void InvokeAssemblyResource()
{ 
    IInvokeAssemblyPtr pInvoker;  //COM Pointer to the .Net Interface

    if(FAILED(pInvoker.CreateInstance(CLSID_CInvokeAssembly)))
    {
        MessageBox(NULL,_T("Unable to Create Invoke Assembly Object !!"),_T("Error"),MB_OK|MB_ICONERROR);
        return;
    }

    HRSRC hRC = FindResource(NULL,MAKEINTRESOURCE(IDR_EMBEDDED_ASSEMBLY),"RT_EMBEDDED_ASSEMBLY");
    HGLOBAL hRes = LoadResource(NULL,hRC);
    DWORD dwSize = SizeofResource(NULL,hRC);

    SAFEARRAY* pSA = NULL;

    if(NULL !=(pSA = SafeArrayCreateVector(VT_UI1, 0, dwSize)))
    {
        LPVOID pBuf = NULL;

        if(FAILED(SafeArrayAccessData(pSA,&pBuf)))
            MessageBox(NULL,_T("Unable to Access SafeArray Data"), _T("Error"),MB_OK|MB_ICONERROR);
        else
        {
            LPVOID hAsm = LockResource(hRes);

            memcpy(pBuf, hAsm, dwSize);
            
            UnlockResource(hRes);
            
            SafeArrayUnaccessData(pSA);
        }

        pInvoker->LoadAndExecute(pSA);	//Invoke the Reflection to load and Execute our Byte[]
    }
    else
        MessageBox(NULL,_T("Unable to Allocate Memory"),_T("Memory Allocate Error"),MB_OK|MB_ICONERROR);

    if(pSA) SafeArrayDestroy(pSA);
}

The above native code loads the assembly from a resource and creates a SafeArray from its contents. When supplied to the IInvokeAssemblyPtr, the SafeArray would be automatically converted into a byte[] by the .net Interoperability marshalling mechanism. (Note: Do not forget to call the CoInitialize() and CoUnintialize() methods in the native code before and after respectively. Without them we can not create the COM objects for the .Net interfaces)

Now with this generate-on-demand mechanism, we have completely eliminated the chance of user accessing the assemblies directly from the disk. Whenever the user wishes to execute the managed assembly, we load it from our native exe resource and execute it directly in memory. However, there is still a small loophole here. It is possible that the user can extract the resources of the native exe by using any Resource Editor programs available and do whatever he/she wishes to do. We want to address that possibility also.

The Solution:

Till now, we traced the following steps:

1. We wanted to hide the metadata part of the managed assembly from the user. Towards this extent, we decided instead to hide the entire assembly itself.

2. To hide the assembly from the user we wanted to store it as resource data in native exe and let the native exe generate the assembly on-demand and execute it using the Interoperated-Reflection methods. However, we realized that resource data in native exes is open to every one.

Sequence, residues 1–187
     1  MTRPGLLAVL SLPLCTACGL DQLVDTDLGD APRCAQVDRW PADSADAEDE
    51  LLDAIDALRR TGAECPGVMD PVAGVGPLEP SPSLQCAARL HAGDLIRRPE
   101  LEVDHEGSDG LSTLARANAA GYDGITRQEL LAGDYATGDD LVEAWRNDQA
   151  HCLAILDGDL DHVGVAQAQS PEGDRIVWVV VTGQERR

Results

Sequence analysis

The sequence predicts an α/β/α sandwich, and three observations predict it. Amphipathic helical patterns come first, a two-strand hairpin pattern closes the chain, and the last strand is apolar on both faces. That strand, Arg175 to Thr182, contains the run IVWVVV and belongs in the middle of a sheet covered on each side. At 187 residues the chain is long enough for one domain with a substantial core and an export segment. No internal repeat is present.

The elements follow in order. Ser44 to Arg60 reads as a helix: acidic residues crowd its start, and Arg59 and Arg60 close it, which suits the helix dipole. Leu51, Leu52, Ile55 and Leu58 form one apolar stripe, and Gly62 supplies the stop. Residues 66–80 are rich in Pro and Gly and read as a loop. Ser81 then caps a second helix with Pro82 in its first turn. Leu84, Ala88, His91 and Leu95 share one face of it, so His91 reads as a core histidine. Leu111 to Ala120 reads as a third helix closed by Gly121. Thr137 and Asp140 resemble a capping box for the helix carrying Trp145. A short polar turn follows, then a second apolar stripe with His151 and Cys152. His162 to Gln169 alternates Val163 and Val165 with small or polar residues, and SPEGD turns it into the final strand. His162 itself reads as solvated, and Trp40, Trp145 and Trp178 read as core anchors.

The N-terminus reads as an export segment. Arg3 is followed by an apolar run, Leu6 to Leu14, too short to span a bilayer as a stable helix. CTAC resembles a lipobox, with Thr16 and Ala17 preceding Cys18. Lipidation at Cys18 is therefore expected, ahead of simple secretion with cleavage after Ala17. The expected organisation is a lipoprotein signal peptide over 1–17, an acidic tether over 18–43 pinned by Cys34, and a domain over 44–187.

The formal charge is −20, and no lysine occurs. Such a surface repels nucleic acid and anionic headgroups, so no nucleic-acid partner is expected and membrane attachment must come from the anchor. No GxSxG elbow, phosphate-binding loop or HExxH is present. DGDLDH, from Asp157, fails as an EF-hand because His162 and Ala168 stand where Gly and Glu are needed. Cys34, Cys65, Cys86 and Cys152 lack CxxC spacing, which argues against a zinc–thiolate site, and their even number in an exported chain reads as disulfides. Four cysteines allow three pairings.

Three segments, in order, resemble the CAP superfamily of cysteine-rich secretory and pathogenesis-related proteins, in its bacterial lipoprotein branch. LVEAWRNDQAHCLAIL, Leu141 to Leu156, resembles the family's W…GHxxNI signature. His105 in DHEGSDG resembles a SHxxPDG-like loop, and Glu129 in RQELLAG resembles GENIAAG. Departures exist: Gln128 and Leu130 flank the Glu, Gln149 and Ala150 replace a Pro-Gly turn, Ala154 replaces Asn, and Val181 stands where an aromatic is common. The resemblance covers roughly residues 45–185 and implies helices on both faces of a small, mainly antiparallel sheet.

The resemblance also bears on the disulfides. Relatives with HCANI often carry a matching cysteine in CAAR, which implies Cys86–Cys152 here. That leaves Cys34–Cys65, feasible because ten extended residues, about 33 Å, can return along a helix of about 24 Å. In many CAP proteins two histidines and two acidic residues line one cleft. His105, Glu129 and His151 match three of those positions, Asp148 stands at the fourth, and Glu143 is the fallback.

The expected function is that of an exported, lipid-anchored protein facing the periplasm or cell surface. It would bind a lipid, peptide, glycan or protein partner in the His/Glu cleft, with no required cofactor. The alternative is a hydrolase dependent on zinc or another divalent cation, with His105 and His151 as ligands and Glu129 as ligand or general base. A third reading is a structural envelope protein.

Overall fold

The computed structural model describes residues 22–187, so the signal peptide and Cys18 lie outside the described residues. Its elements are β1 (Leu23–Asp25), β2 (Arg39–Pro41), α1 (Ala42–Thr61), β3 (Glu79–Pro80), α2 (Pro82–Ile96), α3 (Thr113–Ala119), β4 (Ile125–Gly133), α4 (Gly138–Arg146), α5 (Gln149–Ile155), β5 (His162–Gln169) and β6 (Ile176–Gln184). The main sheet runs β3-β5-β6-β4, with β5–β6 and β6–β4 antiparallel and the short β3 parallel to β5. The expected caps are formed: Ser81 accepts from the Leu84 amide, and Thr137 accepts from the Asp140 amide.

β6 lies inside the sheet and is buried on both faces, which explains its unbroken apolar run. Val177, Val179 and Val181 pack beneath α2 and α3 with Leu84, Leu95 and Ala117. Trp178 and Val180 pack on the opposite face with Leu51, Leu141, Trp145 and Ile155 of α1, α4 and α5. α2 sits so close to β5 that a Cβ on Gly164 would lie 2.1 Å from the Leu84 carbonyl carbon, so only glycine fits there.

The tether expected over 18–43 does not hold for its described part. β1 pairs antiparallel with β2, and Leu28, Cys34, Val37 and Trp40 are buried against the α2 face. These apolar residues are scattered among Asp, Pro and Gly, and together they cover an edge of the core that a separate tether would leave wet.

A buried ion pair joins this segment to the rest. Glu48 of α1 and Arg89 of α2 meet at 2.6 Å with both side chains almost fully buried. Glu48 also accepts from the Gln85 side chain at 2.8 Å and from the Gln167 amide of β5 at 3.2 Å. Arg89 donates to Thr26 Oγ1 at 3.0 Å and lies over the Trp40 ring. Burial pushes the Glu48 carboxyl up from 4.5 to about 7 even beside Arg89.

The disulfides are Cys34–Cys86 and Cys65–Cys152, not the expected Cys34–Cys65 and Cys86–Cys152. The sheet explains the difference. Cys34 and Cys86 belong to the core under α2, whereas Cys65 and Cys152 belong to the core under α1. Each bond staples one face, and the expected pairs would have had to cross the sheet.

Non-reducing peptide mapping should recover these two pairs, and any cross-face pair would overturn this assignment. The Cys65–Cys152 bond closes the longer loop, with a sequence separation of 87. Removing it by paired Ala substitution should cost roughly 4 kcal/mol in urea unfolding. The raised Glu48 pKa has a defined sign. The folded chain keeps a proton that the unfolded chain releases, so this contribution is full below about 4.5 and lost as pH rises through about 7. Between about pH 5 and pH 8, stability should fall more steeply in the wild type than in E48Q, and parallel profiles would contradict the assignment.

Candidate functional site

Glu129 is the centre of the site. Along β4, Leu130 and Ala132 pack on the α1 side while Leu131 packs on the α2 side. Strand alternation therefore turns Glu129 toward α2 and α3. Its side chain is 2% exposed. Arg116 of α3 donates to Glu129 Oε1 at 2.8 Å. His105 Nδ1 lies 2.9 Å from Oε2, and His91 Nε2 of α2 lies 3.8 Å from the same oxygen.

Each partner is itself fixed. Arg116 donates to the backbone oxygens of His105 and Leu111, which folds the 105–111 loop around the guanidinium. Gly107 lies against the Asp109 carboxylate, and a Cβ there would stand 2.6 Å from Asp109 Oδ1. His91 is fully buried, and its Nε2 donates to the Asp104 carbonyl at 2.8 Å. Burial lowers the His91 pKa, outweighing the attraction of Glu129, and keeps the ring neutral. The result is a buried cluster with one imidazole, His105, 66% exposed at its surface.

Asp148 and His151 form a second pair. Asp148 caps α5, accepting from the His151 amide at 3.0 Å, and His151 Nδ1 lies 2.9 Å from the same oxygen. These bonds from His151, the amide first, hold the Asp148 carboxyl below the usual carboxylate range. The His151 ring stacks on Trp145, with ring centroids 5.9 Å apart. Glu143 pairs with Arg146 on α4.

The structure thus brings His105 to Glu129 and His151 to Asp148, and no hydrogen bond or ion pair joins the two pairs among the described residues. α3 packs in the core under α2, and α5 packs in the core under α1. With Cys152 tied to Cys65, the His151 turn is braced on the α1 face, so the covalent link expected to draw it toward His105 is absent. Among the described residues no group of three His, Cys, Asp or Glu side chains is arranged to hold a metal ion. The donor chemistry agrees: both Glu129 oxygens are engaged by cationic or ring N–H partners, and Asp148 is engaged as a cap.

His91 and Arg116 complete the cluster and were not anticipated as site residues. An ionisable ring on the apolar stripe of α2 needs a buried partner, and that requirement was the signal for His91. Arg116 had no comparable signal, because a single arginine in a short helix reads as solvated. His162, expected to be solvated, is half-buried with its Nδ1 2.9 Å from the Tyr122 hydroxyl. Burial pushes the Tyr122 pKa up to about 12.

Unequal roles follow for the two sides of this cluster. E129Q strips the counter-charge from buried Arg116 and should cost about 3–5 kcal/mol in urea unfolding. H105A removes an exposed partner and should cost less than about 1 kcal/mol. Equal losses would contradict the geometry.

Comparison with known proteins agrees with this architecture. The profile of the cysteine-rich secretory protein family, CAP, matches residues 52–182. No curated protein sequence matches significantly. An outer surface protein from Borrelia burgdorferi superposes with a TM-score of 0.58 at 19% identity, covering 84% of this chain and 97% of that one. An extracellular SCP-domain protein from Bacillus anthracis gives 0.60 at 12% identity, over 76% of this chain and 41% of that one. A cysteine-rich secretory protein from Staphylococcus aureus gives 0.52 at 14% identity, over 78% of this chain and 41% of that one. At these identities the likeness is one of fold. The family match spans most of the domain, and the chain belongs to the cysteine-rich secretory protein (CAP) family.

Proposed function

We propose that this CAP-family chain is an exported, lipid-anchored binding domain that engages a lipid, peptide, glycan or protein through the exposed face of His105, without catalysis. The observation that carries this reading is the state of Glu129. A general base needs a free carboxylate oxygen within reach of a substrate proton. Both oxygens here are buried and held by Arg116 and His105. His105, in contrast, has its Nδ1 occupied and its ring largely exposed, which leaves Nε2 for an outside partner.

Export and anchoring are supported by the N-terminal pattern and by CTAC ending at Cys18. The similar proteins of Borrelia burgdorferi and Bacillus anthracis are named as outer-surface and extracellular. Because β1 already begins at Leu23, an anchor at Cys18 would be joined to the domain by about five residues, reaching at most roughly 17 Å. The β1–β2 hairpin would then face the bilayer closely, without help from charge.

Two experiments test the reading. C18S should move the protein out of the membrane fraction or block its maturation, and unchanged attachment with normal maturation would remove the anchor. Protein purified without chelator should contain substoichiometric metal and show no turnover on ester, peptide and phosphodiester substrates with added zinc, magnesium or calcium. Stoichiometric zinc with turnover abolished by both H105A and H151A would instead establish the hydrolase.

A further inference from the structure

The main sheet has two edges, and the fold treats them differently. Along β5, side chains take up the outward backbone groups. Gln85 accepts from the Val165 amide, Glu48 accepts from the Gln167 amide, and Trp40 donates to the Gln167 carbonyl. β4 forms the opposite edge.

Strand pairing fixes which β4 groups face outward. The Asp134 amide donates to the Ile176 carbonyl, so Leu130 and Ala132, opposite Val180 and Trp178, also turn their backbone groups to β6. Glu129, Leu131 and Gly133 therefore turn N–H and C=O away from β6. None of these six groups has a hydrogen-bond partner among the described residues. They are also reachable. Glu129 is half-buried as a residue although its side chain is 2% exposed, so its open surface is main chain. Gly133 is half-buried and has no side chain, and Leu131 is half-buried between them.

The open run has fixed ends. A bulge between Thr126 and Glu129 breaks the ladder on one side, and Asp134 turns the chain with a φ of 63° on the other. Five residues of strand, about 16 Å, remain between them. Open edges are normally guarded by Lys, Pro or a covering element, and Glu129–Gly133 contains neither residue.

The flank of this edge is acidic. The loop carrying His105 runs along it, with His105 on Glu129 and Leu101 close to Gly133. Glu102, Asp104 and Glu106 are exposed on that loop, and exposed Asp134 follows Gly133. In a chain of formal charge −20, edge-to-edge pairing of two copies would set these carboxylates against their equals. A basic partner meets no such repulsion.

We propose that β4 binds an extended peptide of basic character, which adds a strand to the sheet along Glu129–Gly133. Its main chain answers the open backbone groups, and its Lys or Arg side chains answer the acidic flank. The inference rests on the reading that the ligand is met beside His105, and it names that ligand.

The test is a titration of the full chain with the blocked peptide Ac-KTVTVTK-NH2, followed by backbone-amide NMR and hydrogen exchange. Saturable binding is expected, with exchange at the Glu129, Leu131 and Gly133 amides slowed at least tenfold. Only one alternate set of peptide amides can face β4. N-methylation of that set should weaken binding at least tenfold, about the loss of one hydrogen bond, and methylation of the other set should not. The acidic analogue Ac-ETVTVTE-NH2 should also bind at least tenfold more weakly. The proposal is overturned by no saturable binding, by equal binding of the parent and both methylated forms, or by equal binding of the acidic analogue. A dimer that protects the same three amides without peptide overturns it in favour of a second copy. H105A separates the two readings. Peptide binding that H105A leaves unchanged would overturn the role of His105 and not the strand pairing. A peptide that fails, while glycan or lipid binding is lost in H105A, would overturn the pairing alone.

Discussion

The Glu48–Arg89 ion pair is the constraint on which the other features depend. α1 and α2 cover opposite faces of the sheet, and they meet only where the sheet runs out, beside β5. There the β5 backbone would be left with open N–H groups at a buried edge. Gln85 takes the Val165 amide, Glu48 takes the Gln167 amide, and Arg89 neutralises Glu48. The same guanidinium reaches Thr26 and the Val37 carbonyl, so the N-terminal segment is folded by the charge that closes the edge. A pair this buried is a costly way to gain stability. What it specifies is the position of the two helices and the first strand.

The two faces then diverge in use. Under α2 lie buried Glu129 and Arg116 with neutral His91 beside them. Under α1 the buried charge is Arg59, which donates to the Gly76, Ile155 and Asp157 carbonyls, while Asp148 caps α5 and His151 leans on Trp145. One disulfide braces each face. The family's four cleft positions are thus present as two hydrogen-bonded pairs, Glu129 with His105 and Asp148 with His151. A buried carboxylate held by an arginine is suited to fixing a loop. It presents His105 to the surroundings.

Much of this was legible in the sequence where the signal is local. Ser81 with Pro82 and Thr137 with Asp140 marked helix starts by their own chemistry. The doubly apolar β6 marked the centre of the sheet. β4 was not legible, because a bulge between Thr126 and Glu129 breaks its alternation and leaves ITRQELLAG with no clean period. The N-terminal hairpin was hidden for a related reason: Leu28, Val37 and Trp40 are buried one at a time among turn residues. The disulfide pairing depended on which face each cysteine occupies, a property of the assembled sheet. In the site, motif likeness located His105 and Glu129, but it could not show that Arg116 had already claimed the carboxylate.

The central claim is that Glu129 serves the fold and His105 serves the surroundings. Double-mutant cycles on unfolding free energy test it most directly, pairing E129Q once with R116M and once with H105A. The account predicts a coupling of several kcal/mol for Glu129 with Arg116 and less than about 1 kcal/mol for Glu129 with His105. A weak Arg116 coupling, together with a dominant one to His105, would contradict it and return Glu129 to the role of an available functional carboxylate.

Now we all know that we could not hide the resources of native exe. But we could make them meaningless. That is, we could, instead of placing the managed assembly directly, place it encrypted. That way anyone who extracts it from resource would not be able to use it directly. Towards further security we could add custom headers to the managed assembly and encrypt the whole as a unit. Anyone who want to extract the managed assembly now not only need to decrypt it but also need to know about our custom header information to use it properly. Simple yet elegant solution. Of course, you could apply your own safety mechanisms to build on this further.

Proof of Concept Demo:

You can download a proof of concept demo that generates a native exe wrapper for any given managed assembly here: Download Demo. The operation of the demo is as follows:

1. When you run the SecureAssembly.exe you would be presented with a dialog box that accepts a managed assembly file path, a native exe destination path and optional password.

2. Once you select the appropriate managed assembly and native executable destination, you could create the secure native exe for the managed assembly by clicking the "Go!" button.

3. When you click the "Go!" button, a native exe would be created at the selected destination path with the managed assembly embedded in its resources (after appropriately encrypting with the supplied password, of course).

4. Now, Your managed assembly is safe. You could access it any time by executing the generated native exe.

5. When you execute the native exe, you would be prompted for the password first. You should supply the same password that you have used for its creation (You can leave it blank if you did not specify any password).

6. The supplied password would be used for decrypting the embedded managed assembly. Supplying a wrong password would result in a malformed assembly that can not be executed. It should be noted that, through out this process we do not store the password anywhere. We just use the password as and when supplied by the user. In this sense, a forgotten password is as good as a lost assembly.

The code required to load and execute the managed assembly is placed in a dll named InvokeAssembly.dll for Interoperability with the native code. You should first copy it to the directory of the native exe and register it by using the RegAsm command at command prompt before starting the native exe. Usage of RegAsm is as shown below.

<Dir>:\> RegAsm InvokeAssembly.dll

If you try to run the native exe without registering the dll, you would encounter a "Unable to Create Invoke Assembly Object" error.